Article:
The market size of the spinal industry in the United States is approximately $6.8 billion and growing. Medtronic is the leader in the U.S. spinal market, holding a nearly 36% share. DePuy,
Synthes, NuVasive, and Stryker, among others, also compete in this space.
Spinal implants can generally be divided into the following sub-groups.
- Fusion devices (Plates, screws, rods, hooks)
- Interbody fusion devices (cages and spacers)
- Spinal bone graft and/or bone growth material (product which promotes bone growth or fusion)
- Spinal cord stimulations (devices implanted to alleviate pain)
Fusion procedures represent a significant volume of a hospital's spine cases. Furthermore, lumbar fusion procedures represent a strong majority of fusion cases. According to Orthopedic Network News, the cost of implants used for lumbar fusion has increased 14% since last year. However, payments from Medicare for lumbar fusions have increased only 3% since last year. There is also anecdotal evidence suggesting managed care companies are moving towards DRG style reimbursements and away from carve-outs for implants. Increasing costs and shrinking reimbursements are a common problem hospitals are facing, not only in spine, but in many of their service lines.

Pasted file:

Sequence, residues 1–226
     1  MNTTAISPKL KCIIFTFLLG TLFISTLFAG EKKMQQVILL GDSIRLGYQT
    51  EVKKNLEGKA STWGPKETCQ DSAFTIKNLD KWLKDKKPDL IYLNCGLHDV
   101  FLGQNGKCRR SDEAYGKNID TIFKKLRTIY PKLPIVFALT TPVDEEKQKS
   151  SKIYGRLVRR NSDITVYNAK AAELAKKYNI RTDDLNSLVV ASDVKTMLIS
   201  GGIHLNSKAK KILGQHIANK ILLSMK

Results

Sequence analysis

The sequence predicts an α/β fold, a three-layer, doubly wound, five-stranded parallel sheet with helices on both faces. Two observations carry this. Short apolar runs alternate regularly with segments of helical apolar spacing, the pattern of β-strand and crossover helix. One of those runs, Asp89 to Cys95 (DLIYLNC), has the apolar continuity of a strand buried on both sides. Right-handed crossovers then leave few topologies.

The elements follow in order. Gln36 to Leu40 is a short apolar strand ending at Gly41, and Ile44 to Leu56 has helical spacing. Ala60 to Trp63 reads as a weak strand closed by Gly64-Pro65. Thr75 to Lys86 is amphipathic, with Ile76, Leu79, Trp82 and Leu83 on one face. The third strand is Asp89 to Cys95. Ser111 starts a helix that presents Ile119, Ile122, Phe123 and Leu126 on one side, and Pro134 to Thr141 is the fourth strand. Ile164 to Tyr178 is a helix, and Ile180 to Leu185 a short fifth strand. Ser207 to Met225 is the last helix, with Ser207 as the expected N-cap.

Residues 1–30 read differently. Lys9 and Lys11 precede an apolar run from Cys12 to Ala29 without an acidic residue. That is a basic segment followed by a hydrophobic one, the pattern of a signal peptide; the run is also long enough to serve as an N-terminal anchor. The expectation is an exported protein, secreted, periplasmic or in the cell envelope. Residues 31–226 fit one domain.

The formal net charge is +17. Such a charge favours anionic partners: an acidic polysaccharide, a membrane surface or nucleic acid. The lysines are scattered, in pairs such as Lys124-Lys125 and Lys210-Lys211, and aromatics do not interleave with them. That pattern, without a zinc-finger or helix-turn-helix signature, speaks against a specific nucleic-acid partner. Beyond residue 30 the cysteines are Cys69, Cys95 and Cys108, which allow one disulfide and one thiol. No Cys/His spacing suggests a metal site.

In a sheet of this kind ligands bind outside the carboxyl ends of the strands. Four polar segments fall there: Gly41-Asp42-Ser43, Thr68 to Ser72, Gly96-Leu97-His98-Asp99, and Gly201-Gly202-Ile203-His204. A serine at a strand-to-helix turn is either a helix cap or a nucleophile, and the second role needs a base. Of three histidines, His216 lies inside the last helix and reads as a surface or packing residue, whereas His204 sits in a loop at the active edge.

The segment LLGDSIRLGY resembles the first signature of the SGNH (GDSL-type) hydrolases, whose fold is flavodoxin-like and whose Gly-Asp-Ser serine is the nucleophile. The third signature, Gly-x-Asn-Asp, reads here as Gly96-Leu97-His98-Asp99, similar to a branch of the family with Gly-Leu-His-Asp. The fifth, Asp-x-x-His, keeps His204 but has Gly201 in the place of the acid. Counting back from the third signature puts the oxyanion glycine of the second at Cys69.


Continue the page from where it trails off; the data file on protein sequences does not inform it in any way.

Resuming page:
Having a basic understanding of how a fusion procedure is performed and the role the implants play in pain relief will increase your comfort level when discussing pricing during your next negotiation. This web link provides a high level overview of spinal fusions:
A surgeon has many different implant options to alleviate back pain. Traditional plates, rods, and screws can be used. Interbody Fusion Devices such as cages or spacers can be used. Spinal bone graft or spinal growth factors can also be used.
What product mix are the spine surgeons utilizing in the hospital? How much are they using? Are you getting the best deal possible? Can you track these products by case for cost analysis?
SHS can help guide you through these complex questions.